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Mathematical proof you should be generous this Christmas

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Christmas presents

A mathematical formula shows the joy of giving is the most important part of Christmas, say Stirling academics.

Who to buy presents for and how much to spend is always a complex conundrum but researchers at the University of Stirling have developed a mathematical solution.

Game theory provides tools for analysing situations in which parties, called ‘players’, consider the other person’s possible decisions, or strategies, before taking action.

Writing in The Conversation, lead researchers Professor Rachel Norman and Dr Anthony O’Hare, from the University’s Modelling and Analysis of Complex systems (MACS) research group, put the method to the test for gift giving.

Professor Rachel Norman said: “If both players buy each other a present then they both get a payoff which is the enjoyment they get from receiving a present minus the cost of the present they bought.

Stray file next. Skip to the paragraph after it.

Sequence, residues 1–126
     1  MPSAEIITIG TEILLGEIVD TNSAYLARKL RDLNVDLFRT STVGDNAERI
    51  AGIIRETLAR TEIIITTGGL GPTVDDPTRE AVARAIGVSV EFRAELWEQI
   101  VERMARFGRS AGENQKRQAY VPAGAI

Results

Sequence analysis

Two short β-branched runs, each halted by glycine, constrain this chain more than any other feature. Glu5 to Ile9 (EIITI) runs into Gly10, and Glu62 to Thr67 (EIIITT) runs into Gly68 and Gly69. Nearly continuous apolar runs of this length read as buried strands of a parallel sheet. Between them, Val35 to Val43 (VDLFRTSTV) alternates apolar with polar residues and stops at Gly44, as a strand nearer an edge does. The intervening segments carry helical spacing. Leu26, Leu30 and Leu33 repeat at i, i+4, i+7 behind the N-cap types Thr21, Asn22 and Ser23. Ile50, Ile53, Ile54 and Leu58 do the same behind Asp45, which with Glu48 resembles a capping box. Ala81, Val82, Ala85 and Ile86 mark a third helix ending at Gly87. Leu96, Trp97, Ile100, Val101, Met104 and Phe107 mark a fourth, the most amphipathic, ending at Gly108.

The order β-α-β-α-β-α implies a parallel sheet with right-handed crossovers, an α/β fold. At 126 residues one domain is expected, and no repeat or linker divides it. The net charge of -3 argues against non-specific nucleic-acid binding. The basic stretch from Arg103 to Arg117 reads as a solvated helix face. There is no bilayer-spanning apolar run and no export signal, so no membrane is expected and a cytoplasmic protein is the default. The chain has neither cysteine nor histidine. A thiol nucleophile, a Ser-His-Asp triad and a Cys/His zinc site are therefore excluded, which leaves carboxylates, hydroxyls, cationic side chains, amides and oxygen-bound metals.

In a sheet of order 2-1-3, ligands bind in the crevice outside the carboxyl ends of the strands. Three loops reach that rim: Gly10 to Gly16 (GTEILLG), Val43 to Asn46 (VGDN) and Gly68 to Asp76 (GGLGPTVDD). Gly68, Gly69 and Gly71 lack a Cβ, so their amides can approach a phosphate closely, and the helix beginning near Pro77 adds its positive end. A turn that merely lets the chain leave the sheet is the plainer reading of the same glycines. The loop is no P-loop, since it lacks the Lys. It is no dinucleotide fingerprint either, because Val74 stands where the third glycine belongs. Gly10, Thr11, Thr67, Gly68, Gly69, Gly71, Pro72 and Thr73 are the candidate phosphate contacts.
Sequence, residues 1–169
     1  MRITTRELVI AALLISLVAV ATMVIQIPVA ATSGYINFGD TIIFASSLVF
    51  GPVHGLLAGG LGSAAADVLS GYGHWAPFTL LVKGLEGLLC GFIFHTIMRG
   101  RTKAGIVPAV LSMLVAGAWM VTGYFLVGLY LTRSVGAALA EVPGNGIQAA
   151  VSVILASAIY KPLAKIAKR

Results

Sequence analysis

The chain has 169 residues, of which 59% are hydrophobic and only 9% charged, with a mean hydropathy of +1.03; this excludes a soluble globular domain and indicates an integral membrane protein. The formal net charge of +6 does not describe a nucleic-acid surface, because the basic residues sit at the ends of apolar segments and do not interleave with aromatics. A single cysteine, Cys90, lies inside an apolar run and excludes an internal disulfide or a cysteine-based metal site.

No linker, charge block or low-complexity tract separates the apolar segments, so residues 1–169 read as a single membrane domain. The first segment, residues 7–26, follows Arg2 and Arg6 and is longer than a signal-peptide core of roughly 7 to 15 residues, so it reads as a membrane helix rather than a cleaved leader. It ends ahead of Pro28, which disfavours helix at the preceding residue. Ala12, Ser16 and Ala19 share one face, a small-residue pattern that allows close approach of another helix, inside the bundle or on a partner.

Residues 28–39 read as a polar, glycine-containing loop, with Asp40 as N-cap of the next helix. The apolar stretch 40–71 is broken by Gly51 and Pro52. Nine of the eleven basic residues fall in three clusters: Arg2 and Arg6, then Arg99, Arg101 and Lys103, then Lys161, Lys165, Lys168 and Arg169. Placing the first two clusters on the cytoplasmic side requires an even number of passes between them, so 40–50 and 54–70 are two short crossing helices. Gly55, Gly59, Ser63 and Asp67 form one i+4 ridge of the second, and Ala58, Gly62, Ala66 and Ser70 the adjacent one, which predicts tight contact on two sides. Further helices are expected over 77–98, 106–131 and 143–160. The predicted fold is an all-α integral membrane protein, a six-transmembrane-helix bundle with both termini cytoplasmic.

“If one of them buys and the other does not then one person gets enjoyment and no cost and the other gets cost and no enjoyment. Finally, if neither of them buy a present then there is no cost and no enjoyment and so the payoff is zero for each player.”

Dr Anthony O’Hare added: “The game changes completely if you include the joy of giving in your payoff. Generosity is best and the joy of giving is the most important part of Christmas.”

Read the full article on The Conversation

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Background information

The Modelling and Analysis of Complex Systems research group

The Modelling and Analysis of Complex Systems research group brings together colleagues who were previously members of the Applied Formal Methods, Communications and Services and Mathematical Biology groups. The main aim of the group is to develop novel methods of modelling and analysis in order to solve important problems which have impact in the real world. Whilst members work on a wide range of systems, they can be classified into two main applications areas: biological systems and communication systems.

The Modelling and Analysis of Complex Systems research group

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